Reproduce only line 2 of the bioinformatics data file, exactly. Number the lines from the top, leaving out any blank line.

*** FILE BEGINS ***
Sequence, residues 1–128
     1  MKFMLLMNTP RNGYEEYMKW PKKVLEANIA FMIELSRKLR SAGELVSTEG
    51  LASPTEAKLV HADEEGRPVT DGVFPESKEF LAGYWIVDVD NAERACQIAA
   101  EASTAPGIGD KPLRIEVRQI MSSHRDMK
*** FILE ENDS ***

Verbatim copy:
     1  MKFMLLMNTP RNGYEEYMKW PKKVLEANIA FMIELSRKLR SAGELVSTEG